When the museum set out to build a facility in one of the last open spaces on the famed South Michigan Avenue in Chicago, it sought a design that would respect the historic architecture of its significant surroundings while also being forward-looking; a design that would decrease the barrier between the museum and the public while also framing the magnificent views of Lake Michigan and Grant Park.
Glass was selected as an ideal way to bridge the gap between past and future, outdoors and in. The glass façade beckons visitors to enter and explore the rich variety of offerings within. To optimize natural light and emphasize the role light plays in the Jewish religion and culture, Chicago architects Ron Krueck and Mark Sexton designed a 10-story façade of folded glass to cover the 155,000 square-foot building. “The façade is like a sheet of origami that was carefully folded to fit in between the existing buildings,” says Sexton. “We felt strongly that flat glass, versus curving, was essential to this project. We used clear, low-iron glass that had minimal distortion from roller waves to maximize the transparency of the facade.”
Like a giant jigsaw puzzle, the 181-foot by 80-foot glass façade contains 726 individual pieces of glass of 556 different shapes, installed by Arcadia Products, Inc. of Northbrook, Illinois. “Each piece was a parallelogram, which had a unique shape and slope,” says Sexton. “Viracon had to shape each edge perfectly, often times within a fraction of a degree. On top of that, they had to carefully label each piece of glass so that it could eventually fit into the aluminum framing system perfectly. It was a massive coordination job, and Viracon pulled it off seamlessly.” Installed, the glass tilts in three dimensions, creating an aesthetic that changes and sparkles with the sun’s position. The panels form a striking glass skin which flows over the museum’s entrance. Eight-foot by six-foot fixed insulating laminated glass skylights by Super Sky Products, Inc. further supplement interior daylighting.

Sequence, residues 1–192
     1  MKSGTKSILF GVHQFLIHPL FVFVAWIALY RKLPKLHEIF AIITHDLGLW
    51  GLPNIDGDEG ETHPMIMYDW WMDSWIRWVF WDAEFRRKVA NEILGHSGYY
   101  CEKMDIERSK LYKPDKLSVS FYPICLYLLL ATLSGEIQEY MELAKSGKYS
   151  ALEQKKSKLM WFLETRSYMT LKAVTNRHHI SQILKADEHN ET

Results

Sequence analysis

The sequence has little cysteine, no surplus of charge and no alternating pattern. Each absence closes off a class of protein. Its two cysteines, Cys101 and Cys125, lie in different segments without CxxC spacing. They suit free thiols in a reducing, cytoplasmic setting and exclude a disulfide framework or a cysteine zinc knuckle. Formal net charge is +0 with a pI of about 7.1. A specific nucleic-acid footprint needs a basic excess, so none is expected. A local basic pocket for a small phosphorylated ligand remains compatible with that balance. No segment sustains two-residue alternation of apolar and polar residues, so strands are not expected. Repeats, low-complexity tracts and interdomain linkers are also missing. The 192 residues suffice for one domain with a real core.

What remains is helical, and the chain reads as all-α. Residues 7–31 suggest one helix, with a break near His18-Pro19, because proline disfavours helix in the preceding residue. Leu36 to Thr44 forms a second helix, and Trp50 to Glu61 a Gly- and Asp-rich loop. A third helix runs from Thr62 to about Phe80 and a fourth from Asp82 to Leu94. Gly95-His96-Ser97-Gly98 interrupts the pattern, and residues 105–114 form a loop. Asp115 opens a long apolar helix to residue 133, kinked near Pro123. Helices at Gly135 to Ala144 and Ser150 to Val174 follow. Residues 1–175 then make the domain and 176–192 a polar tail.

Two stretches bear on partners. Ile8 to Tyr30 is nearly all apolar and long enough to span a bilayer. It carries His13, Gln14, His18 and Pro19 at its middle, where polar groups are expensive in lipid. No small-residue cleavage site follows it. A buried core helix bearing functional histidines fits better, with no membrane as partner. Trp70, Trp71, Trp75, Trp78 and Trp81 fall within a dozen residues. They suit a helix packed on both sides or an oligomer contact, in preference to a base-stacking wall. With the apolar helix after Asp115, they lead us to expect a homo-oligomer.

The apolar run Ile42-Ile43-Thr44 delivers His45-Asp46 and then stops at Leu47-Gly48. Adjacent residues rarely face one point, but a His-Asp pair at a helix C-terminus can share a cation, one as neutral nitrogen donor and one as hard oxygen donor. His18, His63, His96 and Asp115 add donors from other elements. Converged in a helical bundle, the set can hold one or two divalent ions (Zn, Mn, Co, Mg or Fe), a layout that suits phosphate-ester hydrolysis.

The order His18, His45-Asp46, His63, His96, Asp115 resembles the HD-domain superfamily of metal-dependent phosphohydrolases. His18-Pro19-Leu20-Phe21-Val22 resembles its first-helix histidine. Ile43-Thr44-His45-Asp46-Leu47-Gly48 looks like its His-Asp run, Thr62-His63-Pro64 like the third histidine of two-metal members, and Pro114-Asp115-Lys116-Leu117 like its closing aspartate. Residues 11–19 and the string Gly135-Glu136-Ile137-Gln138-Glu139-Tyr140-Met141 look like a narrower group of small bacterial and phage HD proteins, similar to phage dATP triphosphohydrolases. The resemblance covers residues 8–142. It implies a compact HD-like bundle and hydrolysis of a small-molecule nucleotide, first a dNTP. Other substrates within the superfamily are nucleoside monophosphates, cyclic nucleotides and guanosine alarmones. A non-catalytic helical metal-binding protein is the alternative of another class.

To control solar heat transmission, the architects specified Viracon’s VE-85 coating, a high-performance low-e coating. The second surface of the configuration is also 40 percent covered with a white dot ceramic frit pattern, which further helps control heat and glare and creates light play within the building.
To protect the priceless artifacts that are housed within the museum, the architects selected insulating laminated glass made with Saflex® polyvinyl butyral (PVB) interlayers. The glass configuration also helps block sound transmission, helping to create a pleasant interior environment in the heart of the city.
The end result is a spectacular structure, of which Chicago Tribune architecture critic Blair Kamin wrote, “The building will strike a remarkable balance between respecting the row and making a powerful contemporary statement.”
Viracon, based in Owatonna, Minn., has a second plant in Statesboro Georgia and opened a new plant in St. George, Utah in spring, 2007. The company is an international company of Apogee Enterprises, Inc. Viracon produces high-performance glass products, including tempered, laminated, insulating, silk-screened and high-performance coatings. Apogee Enterprises, Inc. is a leading fabricator, distributor and installer of value-added glass products and systems. Headquartered in Minneapolis, the company’s stock is traded on NASDAQ under the symbol APOG.
Christine Shaffer, Marketing Manager
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Ryan Public Relations